For the more than 75 lakh Mumbaikars who use local trains for their daily commute, the intervening night of June 6 and June 7 will be a momentous one. The journey of the 1,500-volt DC system, which has been powering trains since 1925, will end on Central Railway and a 25,000-volt AC system will take its place.
The city will, in all likelihood, however, remember the event not for its historic significance but for the chaos that is likely to follow it. This paper had reported yesterday that CR officials feared the cancellation of 40 services an hour from Sunday, something that would have crippled the network and given rise to severe problems for commuters.
And, while the forecast had improved marginally by last night, chaos is still on the anvil. For at least a week beginning tomorrow, delays and cancellations are expected to plague the CR network, leaving hapless commuters no option but to travel in trains that will be even more packed than usual.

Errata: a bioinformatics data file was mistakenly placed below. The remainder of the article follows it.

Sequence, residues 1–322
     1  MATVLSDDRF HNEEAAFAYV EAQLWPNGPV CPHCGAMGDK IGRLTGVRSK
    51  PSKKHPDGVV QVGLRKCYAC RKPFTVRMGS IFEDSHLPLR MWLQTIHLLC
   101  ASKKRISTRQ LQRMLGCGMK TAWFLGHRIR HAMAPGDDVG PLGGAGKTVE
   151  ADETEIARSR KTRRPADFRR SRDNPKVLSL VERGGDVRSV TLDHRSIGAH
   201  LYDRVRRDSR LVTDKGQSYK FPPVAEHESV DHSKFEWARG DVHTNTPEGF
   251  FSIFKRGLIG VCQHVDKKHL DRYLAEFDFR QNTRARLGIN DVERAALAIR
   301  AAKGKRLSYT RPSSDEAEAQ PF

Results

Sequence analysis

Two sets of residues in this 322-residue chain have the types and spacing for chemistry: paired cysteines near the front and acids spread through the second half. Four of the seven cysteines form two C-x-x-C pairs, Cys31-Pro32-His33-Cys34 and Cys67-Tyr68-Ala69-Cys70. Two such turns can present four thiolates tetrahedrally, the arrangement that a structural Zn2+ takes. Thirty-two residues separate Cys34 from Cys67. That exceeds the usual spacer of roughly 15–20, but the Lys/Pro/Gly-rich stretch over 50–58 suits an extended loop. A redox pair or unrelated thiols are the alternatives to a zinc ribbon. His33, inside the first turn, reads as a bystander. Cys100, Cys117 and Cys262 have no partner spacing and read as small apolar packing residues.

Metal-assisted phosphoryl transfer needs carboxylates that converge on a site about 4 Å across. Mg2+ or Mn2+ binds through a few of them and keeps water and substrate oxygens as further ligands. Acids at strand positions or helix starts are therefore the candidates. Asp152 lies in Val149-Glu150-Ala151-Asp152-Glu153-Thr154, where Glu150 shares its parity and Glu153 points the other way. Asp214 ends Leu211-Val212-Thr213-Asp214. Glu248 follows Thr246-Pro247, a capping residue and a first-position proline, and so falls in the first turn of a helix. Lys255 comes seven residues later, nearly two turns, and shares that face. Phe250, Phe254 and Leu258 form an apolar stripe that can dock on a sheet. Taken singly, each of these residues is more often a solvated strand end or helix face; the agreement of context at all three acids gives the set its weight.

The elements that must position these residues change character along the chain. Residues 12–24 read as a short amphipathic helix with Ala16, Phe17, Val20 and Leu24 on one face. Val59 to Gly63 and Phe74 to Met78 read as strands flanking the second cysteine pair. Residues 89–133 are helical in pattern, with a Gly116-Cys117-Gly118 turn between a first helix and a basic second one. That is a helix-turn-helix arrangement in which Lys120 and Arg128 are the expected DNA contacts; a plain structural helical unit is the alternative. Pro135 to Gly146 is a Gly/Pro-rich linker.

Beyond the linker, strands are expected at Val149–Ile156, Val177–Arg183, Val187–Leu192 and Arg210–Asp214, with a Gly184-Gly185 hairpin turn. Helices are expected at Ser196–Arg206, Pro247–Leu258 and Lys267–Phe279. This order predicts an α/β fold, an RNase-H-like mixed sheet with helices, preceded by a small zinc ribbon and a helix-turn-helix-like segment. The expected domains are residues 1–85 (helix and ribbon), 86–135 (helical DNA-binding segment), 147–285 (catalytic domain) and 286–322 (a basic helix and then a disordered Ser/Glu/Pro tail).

Where’s the planning?
What is surprising is that even though work on the multi-crore power upgradation has been on for more than two years and the impending problems could have been avoided, nobody seems to have thought of them until the last minute.
While all this was going on, the common people the ones who actually depend on the local trains were kept out of the loop. There were no announcements at railway stations and no advertisements in newspapers and TV channels right until the last moment, despite railway authorities knowing that the weekend sees entire families travelling on the suburban railway network.
The only thing commuters can hope for now is that the switch to the AC system goes off without a hitch and the delays and cancellations of services that are expected to follow, because of the speed limits, are kept to a minimum.